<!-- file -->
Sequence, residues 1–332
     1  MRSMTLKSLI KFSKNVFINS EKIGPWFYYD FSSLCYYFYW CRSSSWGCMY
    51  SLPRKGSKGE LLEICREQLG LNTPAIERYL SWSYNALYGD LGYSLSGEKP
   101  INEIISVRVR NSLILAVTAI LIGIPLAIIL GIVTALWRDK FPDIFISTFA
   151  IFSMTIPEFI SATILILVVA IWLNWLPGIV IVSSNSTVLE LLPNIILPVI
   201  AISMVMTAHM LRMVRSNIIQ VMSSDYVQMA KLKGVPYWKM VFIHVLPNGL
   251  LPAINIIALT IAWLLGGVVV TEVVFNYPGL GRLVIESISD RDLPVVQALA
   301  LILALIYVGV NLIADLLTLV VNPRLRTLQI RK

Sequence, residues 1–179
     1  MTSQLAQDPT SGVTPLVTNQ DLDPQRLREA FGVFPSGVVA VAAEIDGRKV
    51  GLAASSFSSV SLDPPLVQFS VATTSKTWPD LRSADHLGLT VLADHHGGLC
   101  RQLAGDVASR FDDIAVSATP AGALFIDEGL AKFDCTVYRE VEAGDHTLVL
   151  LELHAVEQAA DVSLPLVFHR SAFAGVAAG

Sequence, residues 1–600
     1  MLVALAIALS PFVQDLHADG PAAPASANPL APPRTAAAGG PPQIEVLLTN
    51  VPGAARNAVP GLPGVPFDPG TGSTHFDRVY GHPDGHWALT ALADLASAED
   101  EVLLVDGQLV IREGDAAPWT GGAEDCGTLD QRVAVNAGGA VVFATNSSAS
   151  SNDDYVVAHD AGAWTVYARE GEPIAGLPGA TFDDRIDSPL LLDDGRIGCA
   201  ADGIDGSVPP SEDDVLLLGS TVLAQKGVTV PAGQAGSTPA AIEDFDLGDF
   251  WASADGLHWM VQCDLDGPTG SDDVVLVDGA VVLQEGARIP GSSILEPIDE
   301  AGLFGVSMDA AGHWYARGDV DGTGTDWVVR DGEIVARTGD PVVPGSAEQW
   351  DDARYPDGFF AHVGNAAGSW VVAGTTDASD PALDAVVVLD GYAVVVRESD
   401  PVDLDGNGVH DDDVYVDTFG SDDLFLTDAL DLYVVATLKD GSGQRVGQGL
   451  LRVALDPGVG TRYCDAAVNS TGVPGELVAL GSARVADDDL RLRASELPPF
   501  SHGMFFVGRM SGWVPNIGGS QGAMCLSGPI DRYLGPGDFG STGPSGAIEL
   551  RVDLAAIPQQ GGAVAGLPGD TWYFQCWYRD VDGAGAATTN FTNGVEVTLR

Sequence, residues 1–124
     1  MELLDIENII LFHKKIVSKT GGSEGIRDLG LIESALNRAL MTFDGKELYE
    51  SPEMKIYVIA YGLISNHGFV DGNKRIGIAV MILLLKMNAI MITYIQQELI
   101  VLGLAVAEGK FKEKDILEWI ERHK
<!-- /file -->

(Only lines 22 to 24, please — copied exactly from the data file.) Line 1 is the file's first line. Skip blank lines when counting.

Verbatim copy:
   351  DDARYPDGFF AHVGNAAGSW VVAGTTDASD PALDAVVVLD GYAVVVRESD
   401  PVDLDGNGVH DDDVYVDTFG SDDLFLTDAL DLYVVATLKD GSGQRVGQGL
   451  LRVALDPGVG TRYCDAAVNS TGVPGELVAL GSARVADDDL RLRASELPPF